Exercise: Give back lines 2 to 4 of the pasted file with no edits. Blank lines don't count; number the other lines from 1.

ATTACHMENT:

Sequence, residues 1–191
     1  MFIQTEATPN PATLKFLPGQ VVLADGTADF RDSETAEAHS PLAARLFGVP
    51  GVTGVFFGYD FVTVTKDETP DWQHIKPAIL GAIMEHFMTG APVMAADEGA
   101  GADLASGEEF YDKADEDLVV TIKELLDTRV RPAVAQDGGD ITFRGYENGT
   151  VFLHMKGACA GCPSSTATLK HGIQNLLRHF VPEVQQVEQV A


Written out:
     1  MFIQTEATPN PATLKFLPGQ VVLADGTADF RDSETAEAHS PLAARLFGVP
    51  GVTGVFFGYD FVTVTKDETP DWQHIKPAIL GAIMEHFMTG APVMAADEGA
   101  GADLASGEEF YDKADEDLVV TIKELLDTRV RPAVAQDGGD ITFRGYENGT